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|Article||Exclusive interview with Bentley Jones|
By Shito, on 2009-03-25 12:00 - Translation : Shito
Bentley Jones (BJ) : My nameās Bentley Jones, Iām from a tiny little town in England. I started my career as a producer doing a lot of remixes and producing for other artists. Over time I developed myself as an artist and now Iām starting to release my own work.
■ mimu : Let's talk about your career. European dance music fans may know you as Lee Brotherton, producer and director of the Remix Factory in UK. You've said to have sold millions of CDs under this project, doing remixes for Beyonce, Britney, Cher, Madonna, Whitney Houston and many others. I guess we can say you became quite big in thedance music industry, but then you chose to work on something else, some kind of "solo" project under the name Bentley Jones, where you still produce tracks, but also sing your own songs. Is that a good summary ? How and why did you start this Bentley Jones project ? What are you aiming for as Bentley Jones that the Remix Factory could not provide you ?
BJ : In the beginning the Remix Factory was great because it was a brand that I could contribute to and as a new producer, instead of people ignoring me, they paid attention because I was part of the āFactory. But the entire concept of the āFactory was a collective and over time I wanted to be known as an individual and be credited for my own work. My aspirations are constantly changing. Right now my focus is entirely on Japan with my current album and (hopefully!) my next.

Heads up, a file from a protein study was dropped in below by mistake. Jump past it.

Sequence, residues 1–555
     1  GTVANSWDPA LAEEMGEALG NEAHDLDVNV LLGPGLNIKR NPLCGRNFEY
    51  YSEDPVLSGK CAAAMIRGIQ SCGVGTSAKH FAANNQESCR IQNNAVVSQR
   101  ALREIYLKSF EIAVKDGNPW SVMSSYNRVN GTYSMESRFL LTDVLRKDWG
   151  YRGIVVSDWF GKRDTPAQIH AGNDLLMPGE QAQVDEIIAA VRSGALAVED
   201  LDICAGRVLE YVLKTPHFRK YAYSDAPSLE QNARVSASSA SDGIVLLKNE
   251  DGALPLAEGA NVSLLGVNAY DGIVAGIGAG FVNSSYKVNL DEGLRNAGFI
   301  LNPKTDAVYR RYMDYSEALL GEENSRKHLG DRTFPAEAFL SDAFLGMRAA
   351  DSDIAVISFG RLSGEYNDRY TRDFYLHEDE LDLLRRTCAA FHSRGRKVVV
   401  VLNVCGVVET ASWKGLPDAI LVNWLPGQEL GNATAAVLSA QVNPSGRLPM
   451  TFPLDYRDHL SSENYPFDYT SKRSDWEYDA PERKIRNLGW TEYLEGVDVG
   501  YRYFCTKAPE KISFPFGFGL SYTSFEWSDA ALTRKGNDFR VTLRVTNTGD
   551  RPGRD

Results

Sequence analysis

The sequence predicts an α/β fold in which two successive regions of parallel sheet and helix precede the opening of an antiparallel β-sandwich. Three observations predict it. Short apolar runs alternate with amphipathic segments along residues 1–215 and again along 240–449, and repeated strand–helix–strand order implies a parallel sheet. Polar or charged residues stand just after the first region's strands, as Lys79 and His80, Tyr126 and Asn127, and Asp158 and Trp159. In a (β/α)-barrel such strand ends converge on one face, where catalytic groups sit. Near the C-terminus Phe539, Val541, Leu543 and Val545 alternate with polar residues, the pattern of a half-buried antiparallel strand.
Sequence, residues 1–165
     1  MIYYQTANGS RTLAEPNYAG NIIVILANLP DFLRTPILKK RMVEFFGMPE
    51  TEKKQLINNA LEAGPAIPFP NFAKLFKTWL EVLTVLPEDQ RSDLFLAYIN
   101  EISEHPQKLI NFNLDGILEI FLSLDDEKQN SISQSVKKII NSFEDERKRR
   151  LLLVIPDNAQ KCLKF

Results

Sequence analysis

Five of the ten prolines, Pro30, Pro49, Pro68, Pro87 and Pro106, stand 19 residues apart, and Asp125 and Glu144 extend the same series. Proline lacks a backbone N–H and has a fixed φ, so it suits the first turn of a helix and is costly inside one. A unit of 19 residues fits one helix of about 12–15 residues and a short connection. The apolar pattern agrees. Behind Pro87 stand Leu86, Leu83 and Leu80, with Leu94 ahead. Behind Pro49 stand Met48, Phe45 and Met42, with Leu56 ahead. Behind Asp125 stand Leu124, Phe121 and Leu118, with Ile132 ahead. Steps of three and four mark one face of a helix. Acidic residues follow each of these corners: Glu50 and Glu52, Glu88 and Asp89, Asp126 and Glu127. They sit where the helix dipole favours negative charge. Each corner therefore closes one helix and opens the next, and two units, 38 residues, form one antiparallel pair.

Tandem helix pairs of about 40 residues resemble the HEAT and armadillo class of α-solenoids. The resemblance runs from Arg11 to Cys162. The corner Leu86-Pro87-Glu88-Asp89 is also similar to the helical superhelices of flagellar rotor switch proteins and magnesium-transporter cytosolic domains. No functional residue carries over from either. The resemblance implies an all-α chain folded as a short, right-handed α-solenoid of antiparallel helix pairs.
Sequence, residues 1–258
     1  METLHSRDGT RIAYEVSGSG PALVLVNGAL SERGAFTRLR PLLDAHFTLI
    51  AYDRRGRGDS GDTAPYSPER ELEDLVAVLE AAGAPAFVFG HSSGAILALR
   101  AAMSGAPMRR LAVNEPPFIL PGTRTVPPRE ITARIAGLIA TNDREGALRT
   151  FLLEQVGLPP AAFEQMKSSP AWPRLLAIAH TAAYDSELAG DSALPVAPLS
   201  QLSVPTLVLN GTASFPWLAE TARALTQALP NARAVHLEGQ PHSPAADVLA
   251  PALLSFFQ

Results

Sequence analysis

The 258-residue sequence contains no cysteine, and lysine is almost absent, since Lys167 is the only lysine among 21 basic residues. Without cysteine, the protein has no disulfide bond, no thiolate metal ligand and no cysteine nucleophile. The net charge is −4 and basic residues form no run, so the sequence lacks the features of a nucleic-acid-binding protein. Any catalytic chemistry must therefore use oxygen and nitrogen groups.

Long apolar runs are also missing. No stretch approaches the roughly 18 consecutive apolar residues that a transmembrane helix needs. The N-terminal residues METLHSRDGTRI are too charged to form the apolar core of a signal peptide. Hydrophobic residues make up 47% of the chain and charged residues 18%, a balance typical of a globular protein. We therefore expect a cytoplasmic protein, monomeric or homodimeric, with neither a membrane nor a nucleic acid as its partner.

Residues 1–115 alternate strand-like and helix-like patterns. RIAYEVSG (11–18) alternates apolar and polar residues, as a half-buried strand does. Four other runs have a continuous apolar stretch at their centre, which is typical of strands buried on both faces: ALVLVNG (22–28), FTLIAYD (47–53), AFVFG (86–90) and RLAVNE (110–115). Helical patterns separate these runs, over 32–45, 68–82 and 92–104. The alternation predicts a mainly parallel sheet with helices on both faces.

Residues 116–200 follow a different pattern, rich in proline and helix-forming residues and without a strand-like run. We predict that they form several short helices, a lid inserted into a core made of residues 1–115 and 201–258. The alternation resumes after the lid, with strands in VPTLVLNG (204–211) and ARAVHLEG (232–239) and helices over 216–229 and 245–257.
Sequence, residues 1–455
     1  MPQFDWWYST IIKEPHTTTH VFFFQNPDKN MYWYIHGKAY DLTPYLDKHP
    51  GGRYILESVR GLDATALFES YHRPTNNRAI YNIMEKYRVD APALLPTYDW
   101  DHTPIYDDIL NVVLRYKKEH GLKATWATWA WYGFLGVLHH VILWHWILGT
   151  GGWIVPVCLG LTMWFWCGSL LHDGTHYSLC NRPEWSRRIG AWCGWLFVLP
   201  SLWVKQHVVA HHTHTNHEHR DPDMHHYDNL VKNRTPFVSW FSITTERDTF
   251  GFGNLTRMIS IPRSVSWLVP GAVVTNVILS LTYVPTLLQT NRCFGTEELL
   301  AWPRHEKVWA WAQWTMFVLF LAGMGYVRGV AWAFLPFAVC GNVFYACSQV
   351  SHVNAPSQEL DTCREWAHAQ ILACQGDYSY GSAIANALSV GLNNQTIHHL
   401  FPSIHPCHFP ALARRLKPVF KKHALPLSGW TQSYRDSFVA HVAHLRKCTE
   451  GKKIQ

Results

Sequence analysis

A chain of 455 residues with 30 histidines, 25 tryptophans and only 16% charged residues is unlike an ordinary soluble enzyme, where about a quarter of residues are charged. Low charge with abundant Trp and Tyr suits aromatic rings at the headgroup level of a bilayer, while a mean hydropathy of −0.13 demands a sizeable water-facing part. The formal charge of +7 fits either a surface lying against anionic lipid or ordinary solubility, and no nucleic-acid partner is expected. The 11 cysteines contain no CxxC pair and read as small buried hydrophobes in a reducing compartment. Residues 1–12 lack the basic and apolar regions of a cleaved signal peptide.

■ mimu : You've been working on several soundtracks for the Sonic the Hedgehog video games. It seems it's been your first professional contact with Japan, how did it occur ?
BJ : I was working on an instrumentals project and some of the tracks ended up on the desk of Sonic Teamās sound director who invited me on board for āShadow the Hedgehogā which was my first game. Since then the fans have supported me which is probably the main reason why Iāve continued contributing to the series. Iām currently working on some pieces for a new game away from Sonic.
■ mimu : And then came this Jpop cover album project, that a lot of people are talking about these days. We can read here and there that you've been inspired by japanese artists for years, for example by Hikaru Utada; you also covered Shuuchishin's hit song a few months ago for a label demonstration. But some people also think that may just be a way to try do something in Japan after the success of this all Sonic thing, and as you were quite frustrated with the way your career as BJ was going in UK. So finally, are you a true Jpop fan or would you say you just had a good opportunity ?